0Comment| 11 people found this helpful. Was this review helpful to you?YesNoReport abuse
on March 15, 2012
I generally don't follow recipes. Or, if I do, I go online and I hunt for the *exactly perfect recipe* for whatever it is I want to make but need help constructing. Then I usually overhaul the recipe while I'm cooking anyway. I just don't like recipes much -- I suppose they're too confining. Generally, when I cook with a cookbook, I do so with a pen handy to scribble my recipe "corrections" into the margins as I go.

One of the first recipes I made from this cookbook turned out a bit too oily, so I dug out my trusty cookbook pen to make a margin notation. But, wouldn't you know -- turns out that the amount I was GOING to write into the margin WAS the actual amount in the recipe -- I had misread it while cooking. "Aha!" I cried as I put away my pen. "I should have known that Marie wouldn't let me down!" And it's true! This cookbook is the first one I've ever used that does not need any help. Not a bit. Not one little eensy half-teaspoon of anything, added or subtracted. The recipes are consistently perfect: well-balanced in flavor and substance, full of interesting textures and colors, rich with nutrients, and delicious. Marie Simmons, I am your ardent disciple.
0Comment| 18 people found this helpful. Was this review helpful to you?YesNoReport abuse
on May 14, 2012
I've had a lot of veg cookbooks that were a bit too healthy-tasting or a bit too 70s. In Fresh and Fast Vegetarian, the recipes are bold-tasting, inventive, and have a global sensibility in the use of spices and other ingredients. Many recipes seem inspired by Middle Eastern, Mexican, Indian, or Mediterranean flavors, though ingredients are rarely difficult to get hold of. Most recipes are simple and fast, but most are just involved enough to feel like a dish suitable for company or potlucks. I've been cooking heavily out of this book since I got it in February and I haven't yet made a single dish I don't like!
0Comment| 13 people found this helpful. Was this review helpful to you?YesNoReport abuse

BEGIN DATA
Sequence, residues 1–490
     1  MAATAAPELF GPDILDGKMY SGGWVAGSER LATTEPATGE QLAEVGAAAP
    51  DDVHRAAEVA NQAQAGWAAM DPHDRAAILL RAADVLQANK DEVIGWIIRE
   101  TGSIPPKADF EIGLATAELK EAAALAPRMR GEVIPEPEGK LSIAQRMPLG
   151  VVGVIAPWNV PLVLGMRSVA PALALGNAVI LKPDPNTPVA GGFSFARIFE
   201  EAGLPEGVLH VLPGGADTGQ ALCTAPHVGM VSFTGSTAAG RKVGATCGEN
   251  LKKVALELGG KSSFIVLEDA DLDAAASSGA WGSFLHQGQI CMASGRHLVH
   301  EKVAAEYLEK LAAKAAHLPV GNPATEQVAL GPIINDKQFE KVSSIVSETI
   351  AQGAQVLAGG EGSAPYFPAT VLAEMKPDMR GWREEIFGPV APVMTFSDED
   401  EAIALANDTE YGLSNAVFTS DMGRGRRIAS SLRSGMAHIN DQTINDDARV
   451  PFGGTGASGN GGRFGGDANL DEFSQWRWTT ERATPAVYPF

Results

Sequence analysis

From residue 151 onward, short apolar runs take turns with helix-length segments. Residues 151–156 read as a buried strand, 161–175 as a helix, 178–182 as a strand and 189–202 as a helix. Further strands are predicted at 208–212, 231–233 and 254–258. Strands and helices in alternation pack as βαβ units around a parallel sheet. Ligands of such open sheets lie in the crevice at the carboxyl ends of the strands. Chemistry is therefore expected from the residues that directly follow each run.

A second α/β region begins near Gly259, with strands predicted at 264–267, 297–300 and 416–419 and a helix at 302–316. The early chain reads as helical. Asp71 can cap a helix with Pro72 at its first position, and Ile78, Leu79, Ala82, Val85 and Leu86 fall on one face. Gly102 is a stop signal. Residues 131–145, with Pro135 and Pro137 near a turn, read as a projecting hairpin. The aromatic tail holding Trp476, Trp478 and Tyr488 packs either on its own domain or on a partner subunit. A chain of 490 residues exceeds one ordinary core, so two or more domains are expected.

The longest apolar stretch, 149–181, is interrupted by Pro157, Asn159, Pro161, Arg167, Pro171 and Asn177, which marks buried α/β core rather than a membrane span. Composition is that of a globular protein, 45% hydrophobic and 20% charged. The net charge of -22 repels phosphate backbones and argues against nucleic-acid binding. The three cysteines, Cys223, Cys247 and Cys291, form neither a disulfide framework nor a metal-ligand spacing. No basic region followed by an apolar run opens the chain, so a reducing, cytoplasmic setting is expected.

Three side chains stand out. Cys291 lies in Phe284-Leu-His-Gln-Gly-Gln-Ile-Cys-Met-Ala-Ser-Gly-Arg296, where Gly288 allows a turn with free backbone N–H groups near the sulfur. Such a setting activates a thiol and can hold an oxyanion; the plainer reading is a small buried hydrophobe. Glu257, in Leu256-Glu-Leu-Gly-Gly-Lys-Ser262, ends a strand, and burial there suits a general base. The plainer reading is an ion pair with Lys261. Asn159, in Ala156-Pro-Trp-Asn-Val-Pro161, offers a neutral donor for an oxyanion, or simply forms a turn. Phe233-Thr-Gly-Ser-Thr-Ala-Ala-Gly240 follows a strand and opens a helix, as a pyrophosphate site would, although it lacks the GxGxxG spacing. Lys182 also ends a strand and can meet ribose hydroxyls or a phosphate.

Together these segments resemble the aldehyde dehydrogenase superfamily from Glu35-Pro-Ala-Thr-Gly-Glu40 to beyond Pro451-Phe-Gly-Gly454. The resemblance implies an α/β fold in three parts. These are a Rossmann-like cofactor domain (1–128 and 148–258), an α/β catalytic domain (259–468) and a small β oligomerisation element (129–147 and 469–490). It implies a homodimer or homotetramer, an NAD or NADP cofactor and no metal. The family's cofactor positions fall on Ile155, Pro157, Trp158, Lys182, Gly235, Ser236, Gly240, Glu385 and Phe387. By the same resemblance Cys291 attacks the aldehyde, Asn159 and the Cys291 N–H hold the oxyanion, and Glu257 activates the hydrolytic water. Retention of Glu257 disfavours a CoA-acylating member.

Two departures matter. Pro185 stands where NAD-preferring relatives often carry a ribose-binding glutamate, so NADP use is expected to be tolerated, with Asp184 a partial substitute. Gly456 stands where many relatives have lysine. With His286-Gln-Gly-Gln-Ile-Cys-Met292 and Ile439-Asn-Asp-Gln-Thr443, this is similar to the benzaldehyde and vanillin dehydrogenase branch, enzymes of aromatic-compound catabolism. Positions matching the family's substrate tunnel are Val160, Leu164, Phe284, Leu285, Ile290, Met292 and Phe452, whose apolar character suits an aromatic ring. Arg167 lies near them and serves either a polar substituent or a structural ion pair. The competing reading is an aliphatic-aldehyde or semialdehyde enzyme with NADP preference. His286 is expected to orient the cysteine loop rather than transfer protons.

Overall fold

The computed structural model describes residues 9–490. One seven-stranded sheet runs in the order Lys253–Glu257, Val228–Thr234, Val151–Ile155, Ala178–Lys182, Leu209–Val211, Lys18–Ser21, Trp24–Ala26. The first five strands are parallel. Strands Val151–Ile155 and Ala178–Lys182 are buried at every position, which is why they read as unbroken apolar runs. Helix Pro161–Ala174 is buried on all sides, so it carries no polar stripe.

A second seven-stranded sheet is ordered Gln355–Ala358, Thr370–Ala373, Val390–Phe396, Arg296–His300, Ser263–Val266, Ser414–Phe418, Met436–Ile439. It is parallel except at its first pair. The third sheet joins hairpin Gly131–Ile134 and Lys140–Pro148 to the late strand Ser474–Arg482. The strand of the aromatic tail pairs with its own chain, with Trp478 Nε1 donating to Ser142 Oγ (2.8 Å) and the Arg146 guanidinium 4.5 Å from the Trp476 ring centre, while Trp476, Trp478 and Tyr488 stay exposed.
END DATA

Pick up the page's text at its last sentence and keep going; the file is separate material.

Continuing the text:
on June 13, 2011
Last week I attended a cooking class led by the author in Dallas, TX. She made seven dishes from her cookbook. I liked the simplicity and fresh ingredients in her recipes. The dishes were simple enough to cook on a week day, yet flavorful and sophisticated that I would cook them for a dinner party. I am enjoying the book so far as it has some creative twists on vegetarian cooking to spruce up my go to recipes.
0Comment| 18 people found this helpful. Was this review helpful to you?YesNoReport abuse
on January 19, 2013
When I received this book, I marked quite a few recipes to make. I made the Roasted Cauliflower, Red Bell Pepper dish first. The flavors were amazing! 3 produce items with a few staples in the oven for 20 minutes and I had cauliflower I couldn't stop eating. Then I made the Okra with Tomato Ginger Sauce. Again the flavors were amazing. I ordered this book based on other reviews and I am so delighted that I did. In the next few days I will be making the Curried Coconut Squash soup and the roasted asparagus with parmagiano. I don't know if anything will equal my love for the cauliflower (I've made it 2 more times this week) but I plan to keep trying. The recipes are simple. My greatest pleasure is the lack of "fake" ingredients, e.g. fake meats too numerous in other cookbooks. It's fresh ingredients and spices. You can't beat this!
0Comment| 8 people found this helpful. Was this review helpful to you?YesNoReport abuse
on July 4, 2011
Everything I've made out of this book, I've liked. The recipes may not be remarkably innovative, but the combinations work well and the flavors are clear. (Example: The Soba noodle salad is now a standard for me.) Especially for the price, I highly recommend this.
0Comment| 13 people found this helpful. Was this review helpful to you?YesNoReport abuse
on May 12, 2011
This book is absolutely top notch. I have long owned and loved Marie Simmon's earlier one, "Fresh & Fast," but this one is better for the simple reason that it eliminates nonessentials. Meat, for example. Also gone are appetizers (who ever cooks them?) and desserts, which I avoid. What caloric sweets can possibly improve on the taste of fresh fruit? So really, the "meat and potatoes" of this book is a pretty impressive range of imaginative day-to-day dishes that you can make without too much fuss. She throws in a few new ingredients (like farro), but most are the kind you're apt to have on hand. The bonus is that most of the recipes are complete proteins and vitamin-rich. If everyone in the world ate from this one book, the doctors would all go out of business.
0Comment| 18 people found this helpful. Was this review helpful to you?YesNoReport abuse